Author: Heather Leson

Audio: Take a listen to the Data Curious to Data Ready Discussion

In this one hour conversation, we consider data literacy and what it means for individuals and organizations. What are some examples of impact? Needs for systems and structural adjustments? We touch on wide-range of topics from types of data, how can we add value, how can we be honest and inclusive as we work with communities. One point that really resonates is the potential of being localized in our activities: “The ownership of data is where the power can really come from. Communities are engaged in collecting data and information about themselves that they are then using to show evidence/facts about what is happening. That can really do a lot for empowerment. “ (Dirk Slater, Fabriders) Listen to our discussion on Data Literacy: (1 hour) About our guests: We would like to thank our guest speakers for sharing their experience and thoughts on the data journey: Nnenna Nwakanma, Senior Policy Advisor at World Wide Web Foundation, advocates for open data, open government and the open Web across Africa, bringing together local and international stakeholders to advance the open agenda. She works to drive forward the Africa Data Consensus, the Africa Open Data Network, the Africa Open Data Conference and the African Declaration on Internet Rights and Freedoms. She represents the Web Foundation at a number of international fora, including the Global Partnership for Sustainable Development Data. Recently, she pioneered...

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Data @ IFRC: How can we be locally data-driven? (#14)

[ed. note: Data @ IFRC is a blog series to share highlights from the Red Cross Red Crescent Secretariat and National Societies. We will include learning opportunities and thought pieces on all things data from ethics to evidence.] What does it mean to be locally-driven in our data activities? In this edition of Data @ IFRC, we’ll share three examples of how the global community is working together to learn and share data. We also have some resources to assist your data journey. Water and Sanitation Initiative: 30 million people by 2025 IFRC aims to increase access to safe water and sanitation to 30 million people by 2025. The Global Water and Sanitation Initiative (GWSI) partnered with Salesforce.org to monitor our progress on this important goal. Robert Fraser, Senior Officer WASH (Water, Sanitation & Hygiene) Health and Care Department, is shepherding this project to a beta launch. The technical teams often joke about transferring the institutional knowledge in Robert’s brain into the dashboard tool requirements and data outputs. The GWSI Salesforce.org project aims to encourage ownership, use, and accountability of the data while building value for the National Societies. The workflow is simple – National Societies will upload their water and sanitation project data to the system on a regular basis. The tool produces basic data visualizations along with the capability for sharing reporting content. The benefits of the...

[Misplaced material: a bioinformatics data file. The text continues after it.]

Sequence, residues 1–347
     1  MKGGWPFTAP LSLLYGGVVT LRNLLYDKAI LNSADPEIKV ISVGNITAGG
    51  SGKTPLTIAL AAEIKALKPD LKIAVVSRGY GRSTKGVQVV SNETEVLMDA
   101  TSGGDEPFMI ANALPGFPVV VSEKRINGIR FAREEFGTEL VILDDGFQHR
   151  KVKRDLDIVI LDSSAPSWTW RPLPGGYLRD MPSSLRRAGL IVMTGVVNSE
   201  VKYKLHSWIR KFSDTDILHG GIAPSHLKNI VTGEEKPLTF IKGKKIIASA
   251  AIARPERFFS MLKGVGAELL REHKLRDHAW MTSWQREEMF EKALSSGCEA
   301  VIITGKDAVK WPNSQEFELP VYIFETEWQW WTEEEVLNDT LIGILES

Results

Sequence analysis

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Webinar: From Data Curious to Data Ready in Humanitarian Sector